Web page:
MAY 2021
A year has passed since the killing of George Floyd; the justified outrage and protest across the nation calling for racial justice and equity is still to be addressed. Coupled with the pandemic’s reveal of the undeniable economic legacies of public policy choices that sustain racial and ethnic inequality across the spectrum of essential jobs and a recession primarily impacting women, there is much to reinvent. Reimagining an equitable economy is fundamental to resilience and justice. Doing so without acknowledging the role of discrimination and disadvantage placed before Black, Latinx, Indigenous, Asian and women seeking to achieve economic stability and security from work is doomed to failure.

Asset building, or more accurately wealth building for security and resilience, is achievable, but only if we move to far more equitable economic policies and practices. Public policy on a national and local level matters. Economic practices and narratives embraced by employers and communities matter. Reimagining the connection between productivity, social value of the work performed, essentialness, and pay is fundamental to a future that is equitable.

Embedded in imagining an equitable future include some of the following:

  • A balanced tax policy reorienting the current tax burdens to one of fair share that fully supports government initiatives and incent private sector efforts to advance economic growth with actions to make economic security the norm,
  • A modern benefit system (health benefits, access to portable and adequate retirement, and paid time off) are not dependent on the employer, but instead are portable and universal,
  • Wages tied to productivity and societal value and economic supports that together allow workers to pay the bills, provide for emergency savings, and allow for wealth building for workers in the care economy, essential workers, farm workers and others across the economy,
  • Accepting that essential infrastructure is not limited to roads, bridges, and broadband but affirmatively includes public transportation, carbon free energy and transportation, and especially well-funded high quality child care because these are necessary for workers and the economy,
  • Acknowledging that our medical debt and student debt policies, that have led to crushing and unproductive debt, were a mistake and a drag on the economy and cancelling the debts in whole or in substantial part,
  • Expanding accessible, affordable (without loans) pathways to post-secondary education and credentialing to increase equitable starts to careers and asset building, and
  • Fully embracing the leadership by people of color across economic sectors not just as a form of diversity, but as meaningful inclusion and a sharing of power.

Many stakeholders and holders of power will push back; they will argue that it is too many ideas, too expensive, and too disruptive. They are wrong. The point is that the pandemic revealed conclusively that we have huge historic racist and sexist policies informing systems that today perpetuate injustice and crushing wealth gaps. A system that makes financial security elusive for full time workers – whether educated or essential workers – is economically inequitable and unjust. It has to be changed.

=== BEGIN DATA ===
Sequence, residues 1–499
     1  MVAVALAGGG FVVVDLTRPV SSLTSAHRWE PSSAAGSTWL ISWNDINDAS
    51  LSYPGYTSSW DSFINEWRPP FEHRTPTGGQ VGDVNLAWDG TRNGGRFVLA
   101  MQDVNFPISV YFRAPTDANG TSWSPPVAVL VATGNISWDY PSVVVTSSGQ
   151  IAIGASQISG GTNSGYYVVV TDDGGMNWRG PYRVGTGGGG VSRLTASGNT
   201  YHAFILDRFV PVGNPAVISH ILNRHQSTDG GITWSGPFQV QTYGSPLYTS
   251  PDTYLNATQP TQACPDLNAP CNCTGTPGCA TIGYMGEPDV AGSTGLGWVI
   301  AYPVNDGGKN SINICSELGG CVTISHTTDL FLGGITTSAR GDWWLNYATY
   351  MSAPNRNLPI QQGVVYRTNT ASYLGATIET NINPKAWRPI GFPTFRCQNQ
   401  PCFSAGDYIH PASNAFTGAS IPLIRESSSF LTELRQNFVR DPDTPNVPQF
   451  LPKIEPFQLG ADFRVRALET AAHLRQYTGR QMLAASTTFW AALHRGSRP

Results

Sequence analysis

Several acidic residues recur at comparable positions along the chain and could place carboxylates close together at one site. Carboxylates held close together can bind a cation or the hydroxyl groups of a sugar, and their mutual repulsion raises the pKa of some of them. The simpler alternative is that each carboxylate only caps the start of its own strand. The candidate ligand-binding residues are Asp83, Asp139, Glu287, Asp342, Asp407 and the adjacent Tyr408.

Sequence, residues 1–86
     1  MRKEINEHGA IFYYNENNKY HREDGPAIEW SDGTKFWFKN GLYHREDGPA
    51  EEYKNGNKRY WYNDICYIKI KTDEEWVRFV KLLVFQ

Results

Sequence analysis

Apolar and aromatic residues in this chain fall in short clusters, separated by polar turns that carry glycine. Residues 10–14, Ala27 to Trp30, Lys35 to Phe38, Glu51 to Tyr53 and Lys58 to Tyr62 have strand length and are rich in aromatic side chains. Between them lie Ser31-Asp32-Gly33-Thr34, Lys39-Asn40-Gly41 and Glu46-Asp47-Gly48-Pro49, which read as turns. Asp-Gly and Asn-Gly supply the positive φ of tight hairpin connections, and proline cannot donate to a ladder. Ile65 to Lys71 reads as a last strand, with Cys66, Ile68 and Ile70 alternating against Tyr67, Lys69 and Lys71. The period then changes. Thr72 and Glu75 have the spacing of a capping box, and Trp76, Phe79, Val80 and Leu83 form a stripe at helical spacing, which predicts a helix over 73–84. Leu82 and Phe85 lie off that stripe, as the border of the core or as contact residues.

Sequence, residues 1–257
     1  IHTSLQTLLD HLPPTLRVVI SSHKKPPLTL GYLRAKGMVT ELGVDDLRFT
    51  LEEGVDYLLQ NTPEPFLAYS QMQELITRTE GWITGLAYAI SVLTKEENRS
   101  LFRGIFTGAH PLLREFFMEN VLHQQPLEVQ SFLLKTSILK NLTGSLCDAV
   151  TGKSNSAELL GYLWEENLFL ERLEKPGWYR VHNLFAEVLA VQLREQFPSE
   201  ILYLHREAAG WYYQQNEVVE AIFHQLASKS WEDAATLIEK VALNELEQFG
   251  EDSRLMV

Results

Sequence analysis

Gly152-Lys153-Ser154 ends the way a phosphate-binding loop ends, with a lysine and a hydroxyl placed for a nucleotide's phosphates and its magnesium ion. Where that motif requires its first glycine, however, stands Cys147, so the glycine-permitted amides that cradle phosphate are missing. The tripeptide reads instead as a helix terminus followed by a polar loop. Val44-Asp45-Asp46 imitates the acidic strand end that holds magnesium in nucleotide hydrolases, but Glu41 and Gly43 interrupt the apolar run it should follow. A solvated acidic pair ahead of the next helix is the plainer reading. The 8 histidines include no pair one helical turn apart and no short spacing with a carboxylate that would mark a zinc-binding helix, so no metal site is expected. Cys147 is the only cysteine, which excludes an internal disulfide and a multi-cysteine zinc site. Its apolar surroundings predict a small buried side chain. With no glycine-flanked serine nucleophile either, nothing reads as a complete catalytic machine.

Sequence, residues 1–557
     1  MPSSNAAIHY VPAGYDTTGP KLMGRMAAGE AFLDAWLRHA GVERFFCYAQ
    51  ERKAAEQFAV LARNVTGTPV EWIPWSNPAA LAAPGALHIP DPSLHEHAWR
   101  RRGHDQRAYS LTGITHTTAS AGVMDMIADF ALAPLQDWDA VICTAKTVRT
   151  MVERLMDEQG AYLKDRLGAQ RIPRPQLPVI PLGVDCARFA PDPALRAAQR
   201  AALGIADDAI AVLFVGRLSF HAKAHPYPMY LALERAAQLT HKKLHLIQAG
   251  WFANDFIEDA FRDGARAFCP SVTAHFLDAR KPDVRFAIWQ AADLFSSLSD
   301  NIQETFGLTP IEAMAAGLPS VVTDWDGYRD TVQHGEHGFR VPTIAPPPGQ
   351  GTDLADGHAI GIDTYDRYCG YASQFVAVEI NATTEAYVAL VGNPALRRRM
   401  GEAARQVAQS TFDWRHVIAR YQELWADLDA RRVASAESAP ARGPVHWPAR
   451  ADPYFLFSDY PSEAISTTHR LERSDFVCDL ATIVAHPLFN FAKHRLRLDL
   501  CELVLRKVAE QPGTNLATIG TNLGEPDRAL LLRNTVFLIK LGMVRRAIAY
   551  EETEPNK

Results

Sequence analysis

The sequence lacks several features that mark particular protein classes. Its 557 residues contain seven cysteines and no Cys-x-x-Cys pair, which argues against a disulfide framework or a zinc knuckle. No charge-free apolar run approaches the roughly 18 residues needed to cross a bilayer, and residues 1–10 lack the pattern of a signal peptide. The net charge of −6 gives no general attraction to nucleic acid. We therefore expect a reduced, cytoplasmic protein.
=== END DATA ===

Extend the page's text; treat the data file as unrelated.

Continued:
Philanthropy has and will continue to make a key difference. We understand not to limit efforts just to the delivery of access to services to communities previously excluded with the funding of training programs, support of economic development, coaching, and expansion of individual opportunity.  Without connection to government policy changes, changing narratives, and identifying systemic solutions, the other efforts while necessary will remain insufficient. The desired future requires philanthropic leadership that supports the north star of racial, ethnic and gender equity; relentless advocacy and coalition building; and taking risks to create inclusive and equitable systemic change as primary strategic solutions.

AFN will continue to raise and foster the uncomfortable conversations and to lift up the risk-taking to achieve these goals – it’s embedded in our mission. Our staff and members fully understand and welcome that we are one voice among a growing number of thought leaders across non-profits, research institutions, community organizers, philanthropy and even some public officials.

In that vein, because Heather McCulloch, the founder and first executive director of Closing the Women’s Wealth Gap (CWWG) has been both a truly effective voice and a valuable AFN partner, I wanted to recognize her, before she transitions soon to the Aspen Institute, to celebrate her vision and collaborative spirit at CWWG. She effectively challenged how many understood the issues and coalesced an array of stakeholders to advocate for solutions addressing the roots of the gender wealth gap and the racial wealth gap overlay. As she moves on to her next set of advocacy challenges and opportunities, we at AFN recognize her for her many contributions thus far and wish her continued success.

Engage to make change happen, to build a more equitable and inclusive society. Join AFN to make this a reality for all.